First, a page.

Five minutes with Jane Ashcroft CBE
Jane Ashcroft is a woman committed to “changing the way we think about later life”.
As the CEO of Anchor, she strives to “provide services that support independent lifestyles…[and] focus on what people can do rather than what they can’t.” The not-for-profit organisation provides housing and care to 40,000 older people across England.
“A vibrant economy is about opportunities for all age groups”
I think it’s an economy where everybody can actively participate, whether that’s as consumers or employees. My vision of a vibrant economy is one where no group of the population is cut off from the economy… Fully understanding our changing demography is a main proponent of delivering a vibrant economy.
“Older people’s role in a vibrant economy can be whatever they want it to be”
Their place in a vibrant economy runs the full gamut: from startups and entrepreneurs through to consumers and disruptors, all the way through to employees and taxpayers.
“People’s expectations about the funding of public services have altered”
If you go back two decades, a lot of the services that people were accessing were fully funded by the government; people’s expectations were that they would always be fully funded. However, in the last couple of years, people have realised they might have to start funding part of their own services. Add to that the advent of the baby boomer generation becoming our cohort and it means people want real choice. Rather than publicly funded services and taking them as they come, people are saying ‘well I want a choice about where I live, and I have the power to make that choice.’
“If we expect our frontline colleagues to be providing care and support to customers, we need to demonstrate that care and support too”
The care sector isn’t a necessarily well-paid sector but we try to make sure that people have access to good benefits. Whether that is cycle-to-work schemes, access to technology, shopping discounts or things that matter to our staff.
“The search for a Minister was about encouraging joined-up thinking and demographic change”
The policies around working life, retirement, employment and many other issues need to be on the agenda of multiple departments… there are very few government departments that don’t impact on older people. The campaign began because we didn’t see much integration of older people’s issues with general policy direction, so the campaign grew out of that. We were trying not to call for another ministerial post but to call for someone senior to have the remit for joining up issues as they impact on ageing and demography… While there is no one with that role yet, I do think we have seen improved integration.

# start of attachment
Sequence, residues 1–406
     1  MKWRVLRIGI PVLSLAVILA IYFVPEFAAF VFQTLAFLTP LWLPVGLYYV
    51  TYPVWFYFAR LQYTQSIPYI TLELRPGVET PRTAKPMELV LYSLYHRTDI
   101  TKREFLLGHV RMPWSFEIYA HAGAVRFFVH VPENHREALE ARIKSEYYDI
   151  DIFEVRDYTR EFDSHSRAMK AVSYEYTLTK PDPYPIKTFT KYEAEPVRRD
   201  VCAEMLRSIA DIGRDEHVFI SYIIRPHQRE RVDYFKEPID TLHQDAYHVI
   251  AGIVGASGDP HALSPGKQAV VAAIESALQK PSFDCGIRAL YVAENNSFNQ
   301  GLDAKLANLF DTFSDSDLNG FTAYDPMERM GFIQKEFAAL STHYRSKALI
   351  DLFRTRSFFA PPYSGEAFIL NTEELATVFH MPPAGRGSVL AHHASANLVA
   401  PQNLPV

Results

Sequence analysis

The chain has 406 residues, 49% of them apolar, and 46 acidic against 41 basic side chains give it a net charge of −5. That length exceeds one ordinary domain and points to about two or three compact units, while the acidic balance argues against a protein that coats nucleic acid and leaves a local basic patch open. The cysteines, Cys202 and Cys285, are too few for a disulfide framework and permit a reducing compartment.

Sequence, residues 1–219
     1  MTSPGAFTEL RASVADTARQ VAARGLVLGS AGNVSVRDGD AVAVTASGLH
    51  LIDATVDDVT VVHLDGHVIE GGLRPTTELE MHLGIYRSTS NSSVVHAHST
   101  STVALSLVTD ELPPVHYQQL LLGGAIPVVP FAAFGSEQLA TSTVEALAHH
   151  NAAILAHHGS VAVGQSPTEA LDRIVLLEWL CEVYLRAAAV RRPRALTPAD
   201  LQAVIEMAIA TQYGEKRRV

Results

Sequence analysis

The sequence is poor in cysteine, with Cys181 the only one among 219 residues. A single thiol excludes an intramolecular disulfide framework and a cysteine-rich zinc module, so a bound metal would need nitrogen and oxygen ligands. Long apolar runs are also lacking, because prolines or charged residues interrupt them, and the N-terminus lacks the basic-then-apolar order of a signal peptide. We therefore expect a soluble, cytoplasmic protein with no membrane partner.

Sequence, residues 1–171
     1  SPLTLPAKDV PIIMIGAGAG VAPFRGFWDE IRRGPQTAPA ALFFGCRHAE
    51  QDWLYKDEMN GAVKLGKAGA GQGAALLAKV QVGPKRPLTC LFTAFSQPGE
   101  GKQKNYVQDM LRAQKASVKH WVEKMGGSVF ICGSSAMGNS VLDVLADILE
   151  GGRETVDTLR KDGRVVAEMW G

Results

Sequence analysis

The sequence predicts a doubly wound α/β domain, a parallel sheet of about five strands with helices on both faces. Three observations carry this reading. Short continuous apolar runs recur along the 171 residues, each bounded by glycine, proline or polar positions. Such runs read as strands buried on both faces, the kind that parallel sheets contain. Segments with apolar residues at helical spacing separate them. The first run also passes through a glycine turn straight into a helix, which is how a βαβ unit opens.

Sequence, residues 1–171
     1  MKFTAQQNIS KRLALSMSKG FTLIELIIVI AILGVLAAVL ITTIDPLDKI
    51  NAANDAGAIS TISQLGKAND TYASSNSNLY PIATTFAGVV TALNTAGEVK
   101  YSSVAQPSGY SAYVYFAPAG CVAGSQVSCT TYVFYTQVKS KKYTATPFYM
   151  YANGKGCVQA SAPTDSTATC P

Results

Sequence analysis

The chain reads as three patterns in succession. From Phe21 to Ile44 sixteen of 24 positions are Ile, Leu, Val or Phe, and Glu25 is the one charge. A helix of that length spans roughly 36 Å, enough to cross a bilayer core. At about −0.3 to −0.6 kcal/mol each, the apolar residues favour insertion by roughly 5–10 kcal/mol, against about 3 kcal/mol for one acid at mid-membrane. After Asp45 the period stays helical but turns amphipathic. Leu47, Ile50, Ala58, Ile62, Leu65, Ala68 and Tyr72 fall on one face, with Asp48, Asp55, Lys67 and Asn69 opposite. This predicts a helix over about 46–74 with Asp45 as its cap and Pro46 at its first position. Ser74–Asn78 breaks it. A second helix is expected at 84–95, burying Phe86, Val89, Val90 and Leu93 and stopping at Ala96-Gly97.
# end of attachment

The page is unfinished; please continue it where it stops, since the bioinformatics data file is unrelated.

“Technology has to be applied as a force that enhances people’s experience”
There’s an ongoing issue about whether technology can replace the number of people that we need to work in care – care is a very people intensive business and with the introduction of the living wage, which we did a couple of years ago for our workforce… our experience is that technology can be used to enhance people’s experience and also manage risk. In our housing, people could have pressure mats that could communicate with us that they haven’t been out of bed in 12 hours. I don’t think we’re in the space of replacing people with technology, we are very much about using technology to enhance the relationship that we have with our customers.
“Older people are consumers not just the recipients of services”
The language around providing care has radically changed. 15 years ago it was considered disrespectful or inappropriate to call them [older people receiving publicly-funded services] customers, but we wanted to demonstrate the equality in the relationship and the fact that people are funding and paying for us. They have a right to have a say and should be involved in decisions about how services are delivered rather than being passive recipients… They are customers and they need to be treated as individuals.
“I think it’s a change in mindset that is starting to happen”
If we can change the opportunities that exist, be honest about planning for later life, think proactively about getting the best and think about it as another phase in our life rather than our life finishing at retirement. As the baby-boomer generation moves into later life, seeing ageing as a positive because the alternative to ageing is much worse.